Last update: 12-Dec-2013 4:50 am
Thursday, December 12, 2013
Trinidad & Tobago Guardian Online
You are here
Hope on horizon for Re-route Movement
The Highway Re-route Movement has a legitimate expectation that some of the findings and recommendations of an independent report on the Solomon Hochoy Highway extension to Point Fortin will be considered and implemented by the Government. This was the main point proffered by attorneys representing the group, as they returned to court yesterday seeking an injunction stopping the controversial Debe to Mon Desir segment of the project.
Lead attorney for the group, Fyard Hosein, SC, while presenting submissions before Justice James Aboud in the Port-of-Spain High Court, said the expectation was created when the Government commissioned and contributed almost $750,000 for the report. The report, which was prepared by a team of 17 professionals, led by former independent senator Dr James Armstrong, said construction work should be stopped immediately to allow further scientific assessments to take place.
He said such an expectation could only be defeated if the State was able to prove that there was an overriding public interest that could negate it. He claimed that the Government’s apparent disregard for the report could amount to breach of natural justice. “They (the Government) had to go through a process of consultation with us before rejecting it (the report),” Hosein said.
Hosein suggested that with mega-projects, such as the highway, the Government had a duty to engage the population before making decisions and that social impact assessments for these projects were essential in modern planning law. Hosein was unable to complete his submissions yesterday and Aboud was forced to set aside three dates in November to allow him time to complete them and the State an opportunity to respond.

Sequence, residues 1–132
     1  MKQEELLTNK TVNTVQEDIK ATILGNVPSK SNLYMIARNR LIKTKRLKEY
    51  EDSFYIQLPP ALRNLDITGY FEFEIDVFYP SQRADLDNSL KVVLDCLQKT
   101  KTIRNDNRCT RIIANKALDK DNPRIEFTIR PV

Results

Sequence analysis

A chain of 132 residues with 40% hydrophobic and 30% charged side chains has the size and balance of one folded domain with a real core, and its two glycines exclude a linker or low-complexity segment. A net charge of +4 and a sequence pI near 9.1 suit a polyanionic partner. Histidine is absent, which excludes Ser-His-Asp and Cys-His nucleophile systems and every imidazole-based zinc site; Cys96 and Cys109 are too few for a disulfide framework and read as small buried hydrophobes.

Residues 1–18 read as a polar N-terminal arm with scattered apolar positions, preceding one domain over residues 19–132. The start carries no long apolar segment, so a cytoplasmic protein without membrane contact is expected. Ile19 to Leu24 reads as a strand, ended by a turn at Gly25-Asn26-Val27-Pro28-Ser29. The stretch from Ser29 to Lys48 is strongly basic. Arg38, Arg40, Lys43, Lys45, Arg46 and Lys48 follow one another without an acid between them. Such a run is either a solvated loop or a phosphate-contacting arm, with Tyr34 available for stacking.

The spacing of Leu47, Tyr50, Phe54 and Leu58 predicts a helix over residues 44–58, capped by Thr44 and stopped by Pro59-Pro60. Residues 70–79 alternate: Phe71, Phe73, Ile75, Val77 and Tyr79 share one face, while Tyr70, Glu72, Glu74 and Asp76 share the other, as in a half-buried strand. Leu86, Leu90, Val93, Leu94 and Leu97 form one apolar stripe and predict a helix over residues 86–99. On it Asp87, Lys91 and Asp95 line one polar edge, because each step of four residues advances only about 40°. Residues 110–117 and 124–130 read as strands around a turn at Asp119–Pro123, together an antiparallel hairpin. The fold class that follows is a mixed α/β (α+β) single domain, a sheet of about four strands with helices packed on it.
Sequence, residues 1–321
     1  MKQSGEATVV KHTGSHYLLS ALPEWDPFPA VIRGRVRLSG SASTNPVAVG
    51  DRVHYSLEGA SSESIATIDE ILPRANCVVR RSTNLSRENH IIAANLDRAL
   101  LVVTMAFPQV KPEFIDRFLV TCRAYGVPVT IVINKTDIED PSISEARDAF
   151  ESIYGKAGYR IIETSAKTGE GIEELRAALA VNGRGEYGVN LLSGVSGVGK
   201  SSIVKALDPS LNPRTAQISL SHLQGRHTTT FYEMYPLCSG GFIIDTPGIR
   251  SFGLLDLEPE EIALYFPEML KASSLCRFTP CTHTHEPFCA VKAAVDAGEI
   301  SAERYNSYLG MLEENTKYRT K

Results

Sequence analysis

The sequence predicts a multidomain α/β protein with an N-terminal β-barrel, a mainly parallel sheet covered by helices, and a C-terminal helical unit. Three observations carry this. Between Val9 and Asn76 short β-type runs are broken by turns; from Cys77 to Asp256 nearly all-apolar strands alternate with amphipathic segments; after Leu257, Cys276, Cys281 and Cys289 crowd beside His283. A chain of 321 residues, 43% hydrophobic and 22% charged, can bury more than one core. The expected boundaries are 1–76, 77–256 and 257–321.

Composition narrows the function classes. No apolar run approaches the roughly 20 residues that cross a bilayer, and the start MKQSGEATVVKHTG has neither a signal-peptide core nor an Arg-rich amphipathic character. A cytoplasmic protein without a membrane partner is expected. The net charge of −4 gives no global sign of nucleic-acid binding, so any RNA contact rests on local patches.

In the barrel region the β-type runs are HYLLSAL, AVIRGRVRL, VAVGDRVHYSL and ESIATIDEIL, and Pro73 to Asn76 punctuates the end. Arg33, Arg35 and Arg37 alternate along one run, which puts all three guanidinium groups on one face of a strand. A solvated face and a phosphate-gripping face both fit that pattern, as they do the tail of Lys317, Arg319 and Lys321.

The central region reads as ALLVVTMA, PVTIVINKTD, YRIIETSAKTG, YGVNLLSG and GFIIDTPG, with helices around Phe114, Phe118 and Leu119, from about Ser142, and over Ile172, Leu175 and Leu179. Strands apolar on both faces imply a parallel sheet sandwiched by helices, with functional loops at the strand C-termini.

Before adjourning the matter, Aboud asked the State’s legal team if their clients were willing to come to a compromise in terms of pausing the construction work while the injunction application was being adjudicated on. Senior Counsel Russell Martineau indicated that this was not possible, as works were ongoing and any delays would cost millions of dollars. Martineau was careful to note that the State was being unfairly labelled as being callous towards the group.
He said, “The State has a responsibility to the country as a whole. It is not unsympathetic but the State has to run a country.” Mas designer Peter Minshall, Roman Catholic priest Fr Clyde Harvey and outgoing Port-of-Spain mayor Louis Lee Sing were all present in court yesterday to lend support to Kublalsingh and his members.
Senior Counsel Deborah Peake and attorneys Kelvin Ramkisson, Gerald Ramdeen and Shastri Roberts are representing the State. Ramesh Lawrence Maharaj, SC, and Rishi Dass also are part of the group’s legal team. The injunction application will again be heard on November 8, 13 and 14.
User comments posted on this website are the sole views and opinions of the comment writer and are not representative of Guardian Media Limited or its staff. Guardian Media Limited accepts no liability and will not be held accountable for user comments.
Please help us keep out site clean from inappropriate comments by using the flag option.
Guardian Media Limited reserves the right to remove, to edit or to censor any comments. Any content which is considered unsuitable, unlawful or offensive, includes personal details, advertises or promotes products, services or websites or repeats previous comments will be removed.